I’ve always enjoyed the classic game Lights Out by Tiger Electronics. It’s a fairly simple idea: there is a grid of 25 buttons which can be lit or not lit. When you press a button, it just toggles the light for the button you pressed plus any adjacent buttons. So you would start with a randomized board (or predetermined pattern), and the goal is to turn off all the lights while pressing the fewest buttons possible.

Ok, maybe I’m one of only 4 people who think this is cool, but either way it’s a good starter project, so let’s make it for Android!

The end goal here is to demonstrate how to create a simple game from scratch, add some features, refactor the code, and eventually release it on the Google Play store. I’ll walk through every step start to finish, so you should be able to follow along even if you’re new to Android or Java.

For reference, here is the current state of the project on Github.

1. Create a new project

  • Click Start a new Android Studio project.

  • Set up your project.

    1. Name your app. I’ll go with Lights Out.
    2. Your personal/business domain (can be anything, but should be unique so that the app’s name doesn’t conflict with an app with the same name in places like the Play store).
    3. Where are you storing your project? I recommend creating a folder for Android projects.
    4. Click Next.
  • Unless you have a specific use case, just use the default settings for Target Android Devices. Click Next.

  • We just need an empty activity for now, so click Next.

  • I’ll use the defaults for now. As apps get more complicated we start thinking of better names to organize everything. For now, keep the defaults and click Finish.

  • Wait while android builds the project.

  • Expand app/java/com.domain.appname and app/res/layout to find the MainActivity.java and activity_main.xml files to get started.

2. Create a layout

Our layout is going to be very basic at this point, because we just want to show a grid of buttons that we can start interacting with. We’ll focus on tweaking the layout later on after implementing some of the functionality. I like to focus on getting things functional before worrying too much about how it looks.

As you might know already, there are a bazillion ways to do layouts, and I’m just focused on showing something that’s very simple for two reasons:

  1. It should be simple to understand.
  2. It shouldn’t take too much effort to feel like you’re making progress.
  • Open the provided layout file activity_main.xml. They start you out with a single TextView inside a layout, but we’ll completely replace that with our own layout. There are a few things to note here:
  1. The outer RelativeLayout uses a vertical orientation, which means that each element can be placed relative to the outer edges and relative to each other. In this case, every inner LinearLayout represents one row of buttons from top to bottom.
  2. The outer RelativeLayout has layout_gravity set to center_horizontal, meaning the entire grid of buttons will be centered on the screen horizontally.
  3. The inner LinearLayouts (each row of buttons) have their orientation set to horizontal, meaning each element inside of them (each button) is placed left to right.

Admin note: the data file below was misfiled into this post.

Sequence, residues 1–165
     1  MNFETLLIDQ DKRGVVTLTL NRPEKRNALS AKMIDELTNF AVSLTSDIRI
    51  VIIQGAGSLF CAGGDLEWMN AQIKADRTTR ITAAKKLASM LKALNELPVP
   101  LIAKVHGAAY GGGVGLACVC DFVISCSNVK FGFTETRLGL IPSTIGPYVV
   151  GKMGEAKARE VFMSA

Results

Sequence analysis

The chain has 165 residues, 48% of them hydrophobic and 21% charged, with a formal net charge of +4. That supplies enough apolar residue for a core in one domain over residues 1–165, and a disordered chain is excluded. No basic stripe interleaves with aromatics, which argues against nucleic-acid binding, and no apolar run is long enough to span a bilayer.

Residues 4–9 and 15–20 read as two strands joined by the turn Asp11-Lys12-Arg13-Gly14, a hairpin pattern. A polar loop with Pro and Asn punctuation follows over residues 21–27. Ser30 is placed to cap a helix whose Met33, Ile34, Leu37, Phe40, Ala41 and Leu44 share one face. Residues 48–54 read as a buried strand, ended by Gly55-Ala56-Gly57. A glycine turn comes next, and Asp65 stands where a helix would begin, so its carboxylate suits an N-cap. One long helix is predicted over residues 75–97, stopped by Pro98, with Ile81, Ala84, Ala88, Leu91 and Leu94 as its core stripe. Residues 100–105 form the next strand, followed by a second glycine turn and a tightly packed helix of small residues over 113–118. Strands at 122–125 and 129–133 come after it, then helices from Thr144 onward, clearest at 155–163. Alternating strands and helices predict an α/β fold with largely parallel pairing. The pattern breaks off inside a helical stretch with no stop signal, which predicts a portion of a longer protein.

4. We set the layout_width and layout_height of every button to the same value - buttonWidth - so that every button is a square. We might change this later on so that buttons dynamically shrink or expand depending on screen size, but this method is a little easier for now.
  5. The button background is set to whatever color we assign to colorLightOff, which will be light gray.
  6. The button layout_margin is set to the value of buttonSpacing, which just separates each button by a little bit so they’re not all right next to each other.

We’ll define the dimensions and colors next, so don’t worry about any errors you see after pasting this into your layout.

{% gist 2a5e598ba67558385718a27a2f8ab489 layout_main.xml %}

  • You probably noticed that there are some values we just referenced that don’t exist, so we need to create those. We need to define the buttonWidth and buttonSpacing dimensions and the colorLightOn/colorLightOff colors. Starting with the dimensions, right click on app->res->values, and click New->Values resource file. Name it dimensions and click OK.

  • Open dimensions.xml (the one you just created), and add a dimension element named buttonWidth, setting the value to 60dp. Also add buttonSpacing, setting its value to 2dp. You can tweak these to your liking a little bit later.

{% gist 2787528b39b70cbda9bfe6d5685bef17 dimensions.xml %}

  • Next, we need to define some colors for the lights when they’re on or off. Open app->resources->values->colors.xml (this was already provided for you when you created your project). Add the two colors named colorLightOn and colorLightOff, leaving the existing colors which are used in other parts of the app.

{% gist ca46e1ae8aebbb28d833dd8191c31fab colors.xml %}

  • Back in the layout preview or layout design mode, you should now see the grid pattern.

Congratulations! You made a button grid layout, and you can tweak the colors or dimensions however you want before continuing on to the next part where we’ll hook up the logic and actually toggle the lights on and off when you press the buttons.

Leave a comment if you have any questions or want me to elaborate on anything.